Manufacturers using a shelter in Mexico can focus in their core business, while the shelter provider manages other aspects such as human resources, accounting, logistics, among others. Small and medium companies using the shelter program have access to infrastructure they cannot pay on their own.

“A small company, for example, can get access to a transportation system that we have. They can transport their employees once or twice a day, which would be costly if they would be doing it on their own,” said Eduardo Saavedra, executive vice president of Business Development at the Offshore Group.

Economies of scale is what the shelter program is all about. Fixed costs are literally shared among various users including: administrative overhead, utilities, logistics and facilities.

Furthermore, Saavedra highlighted the Offshore Group owns its industrial real estate, which gives them full control to modify floor plans to meet client needs.

“Even though there is regulatory uncertainty, we have a very important pipeline of projects that has remained stable in its size compared to other years; that is proof that Mexico´s logistic and labor advantages remain as important as ever,” said Lara. “The advantages of Mexico as a manufacturing site and of the shelter as a start-up strategic tool remain stable.”

Clients share their experience

Data from the National Council of the Maquiladora and Export Manufacturing Industry (Index) shows the shelter program is helpful to start manufacturing in Mexico, especially for some industries such as aerospace. At least 80% of the aerospace operations in Mexico embrace the shelter program to start operations in Mexico.

“American Industries has made it very easy for us to do business in Mexico, where we have a 100% compliant, efficient and growing operation, providing us with the best-in-class administrative and local support enabling us to focus on our core business,” expressed Steven Soederhuizen, Vice President Operations & Supply Chain at Fokker Aerospace.

But the shelter program is not limited to aerospace. Many companies in automotive, electronics, medical, and event agri-food and textiles industries have started their business in Mexico under this program.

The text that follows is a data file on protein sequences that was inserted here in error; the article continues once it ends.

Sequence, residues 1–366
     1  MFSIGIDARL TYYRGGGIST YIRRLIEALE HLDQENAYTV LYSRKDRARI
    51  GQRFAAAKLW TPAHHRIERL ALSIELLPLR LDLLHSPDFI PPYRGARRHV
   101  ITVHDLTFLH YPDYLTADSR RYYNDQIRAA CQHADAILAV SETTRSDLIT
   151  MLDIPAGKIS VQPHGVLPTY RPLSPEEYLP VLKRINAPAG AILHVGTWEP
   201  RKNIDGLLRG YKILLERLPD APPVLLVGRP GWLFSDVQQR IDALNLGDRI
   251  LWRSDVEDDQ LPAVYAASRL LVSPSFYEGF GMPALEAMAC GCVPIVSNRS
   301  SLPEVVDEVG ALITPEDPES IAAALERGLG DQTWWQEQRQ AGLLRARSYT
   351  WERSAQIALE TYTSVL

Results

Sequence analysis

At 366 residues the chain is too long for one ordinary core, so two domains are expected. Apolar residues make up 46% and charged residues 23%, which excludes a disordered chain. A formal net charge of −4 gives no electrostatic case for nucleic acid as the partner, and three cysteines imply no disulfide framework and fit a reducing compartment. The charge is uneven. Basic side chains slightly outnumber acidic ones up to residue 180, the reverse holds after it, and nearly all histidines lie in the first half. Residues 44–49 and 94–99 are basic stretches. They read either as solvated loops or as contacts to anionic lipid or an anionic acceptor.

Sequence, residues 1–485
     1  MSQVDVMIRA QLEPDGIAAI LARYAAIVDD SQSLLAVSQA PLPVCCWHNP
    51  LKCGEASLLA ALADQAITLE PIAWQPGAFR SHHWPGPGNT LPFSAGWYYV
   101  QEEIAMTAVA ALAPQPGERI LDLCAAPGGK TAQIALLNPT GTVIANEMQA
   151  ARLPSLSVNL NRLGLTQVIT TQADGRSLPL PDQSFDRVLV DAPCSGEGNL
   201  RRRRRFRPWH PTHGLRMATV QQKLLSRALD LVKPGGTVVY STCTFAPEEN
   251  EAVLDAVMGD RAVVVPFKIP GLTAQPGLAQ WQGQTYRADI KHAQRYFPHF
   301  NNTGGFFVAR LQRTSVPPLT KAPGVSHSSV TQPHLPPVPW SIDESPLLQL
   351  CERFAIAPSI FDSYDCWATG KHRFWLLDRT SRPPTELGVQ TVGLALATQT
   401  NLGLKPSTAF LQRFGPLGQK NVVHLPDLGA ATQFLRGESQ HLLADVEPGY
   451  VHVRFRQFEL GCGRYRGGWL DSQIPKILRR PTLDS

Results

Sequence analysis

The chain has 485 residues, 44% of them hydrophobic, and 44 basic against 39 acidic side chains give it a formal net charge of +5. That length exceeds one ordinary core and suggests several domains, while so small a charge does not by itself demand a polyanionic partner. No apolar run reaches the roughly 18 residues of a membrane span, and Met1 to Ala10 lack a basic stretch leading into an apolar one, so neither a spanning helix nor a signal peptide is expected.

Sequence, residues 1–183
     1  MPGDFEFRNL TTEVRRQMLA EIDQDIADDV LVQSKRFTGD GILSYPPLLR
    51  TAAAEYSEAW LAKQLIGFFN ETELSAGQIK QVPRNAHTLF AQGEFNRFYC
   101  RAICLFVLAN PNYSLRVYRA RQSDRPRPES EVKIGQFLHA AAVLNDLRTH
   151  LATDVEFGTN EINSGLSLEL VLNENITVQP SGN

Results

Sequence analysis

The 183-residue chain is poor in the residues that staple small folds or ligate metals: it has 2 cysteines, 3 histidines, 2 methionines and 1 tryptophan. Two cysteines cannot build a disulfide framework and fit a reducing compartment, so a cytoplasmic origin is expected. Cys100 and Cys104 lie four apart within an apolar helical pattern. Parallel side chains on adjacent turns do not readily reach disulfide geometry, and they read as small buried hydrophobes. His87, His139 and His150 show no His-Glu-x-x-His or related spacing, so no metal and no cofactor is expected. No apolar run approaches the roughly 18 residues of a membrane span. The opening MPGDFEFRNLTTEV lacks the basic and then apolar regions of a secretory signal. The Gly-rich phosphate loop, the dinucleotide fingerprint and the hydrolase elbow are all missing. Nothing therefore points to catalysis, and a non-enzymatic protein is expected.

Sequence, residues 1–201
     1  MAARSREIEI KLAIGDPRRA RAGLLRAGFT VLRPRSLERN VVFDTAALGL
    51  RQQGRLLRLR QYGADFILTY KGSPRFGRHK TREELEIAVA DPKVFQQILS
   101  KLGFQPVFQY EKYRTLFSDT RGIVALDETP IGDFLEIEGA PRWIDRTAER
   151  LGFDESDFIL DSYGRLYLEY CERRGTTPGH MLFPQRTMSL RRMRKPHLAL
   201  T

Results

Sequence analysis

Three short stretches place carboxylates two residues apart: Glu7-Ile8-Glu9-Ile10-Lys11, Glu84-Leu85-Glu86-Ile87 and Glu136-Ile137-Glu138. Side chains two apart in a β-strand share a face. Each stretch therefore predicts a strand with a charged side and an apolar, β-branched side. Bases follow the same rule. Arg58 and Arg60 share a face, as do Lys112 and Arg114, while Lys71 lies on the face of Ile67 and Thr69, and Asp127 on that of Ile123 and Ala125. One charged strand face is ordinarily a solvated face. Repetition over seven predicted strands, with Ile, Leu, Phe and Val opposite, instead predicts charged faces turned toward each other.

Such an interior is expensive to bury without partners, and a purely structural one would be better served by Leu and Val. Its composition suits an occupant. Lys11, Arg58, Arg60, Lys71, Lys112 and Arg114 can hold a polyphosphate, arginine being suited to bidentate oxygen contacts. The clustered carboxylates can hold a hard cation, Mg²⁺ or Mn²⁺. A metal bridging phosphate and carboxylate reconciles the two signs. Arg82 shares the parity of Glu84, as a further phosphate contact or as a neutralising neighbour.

“Tecma handles our customs, it is done seamlessly, and we go back and forth every day. We’ve upgraded our facilities three times in the last couple of years and Tecma takes care of everything without any disruption of our production. The facilities are spotless. The cafeteria, the food, the nurse; the employees are so well taken care of and are respected in the culture of the Tecma environment,” said Tom St. John, President of AMCOR Service Solutions. “We are not Tecma’s largest customer, but we feel that they treat us as though we are.”

From people centered to IT centered companies

Information Technology (IT) is now a crucial element for companies; as a result, shelter providers are incorporating this element to their services for manufacturers doing business in Mexico.

“Manufacturing is in its transitional phase to automation. We will have to modify over time the services we offer as a shelter and be less people centered and be more technology centered,” explained Saavedra.

He said The Offshore Group has an in-house IT group to develop and improve software to handle different segments of the operation, from human resources services to special request in every aspect the company does.

Other shelter companies, such as Co – Production International, are also developing software and applications to improve the competitiveness of its clients.

“We have our own in-house developed IT tools. Some of them are for logistics, accounting, and supply chain. It is something we design in house. Internal programs for our customers,” explained Enrique Esparza, Co – Production International CEO.

Executives from shelter companies agreed IT is a crucial part of the operation and all companies are offering basic software and connectivity to their clients, but this trend is being more relevant to do business in Mexico.

Challenges for shelter providers

Even though the shelter program offers a variety of services and benefits for manufacturers, the companies doing business in this sector must overcome some obstacles including fiscal burden, a high budget for promotion, and low incentives.

Recently, the Federal Mexican Government changed the tax rules allowing foreign companies to operate under the shelter program for 8 consecutive years, up from 4 years as per the previous legislation.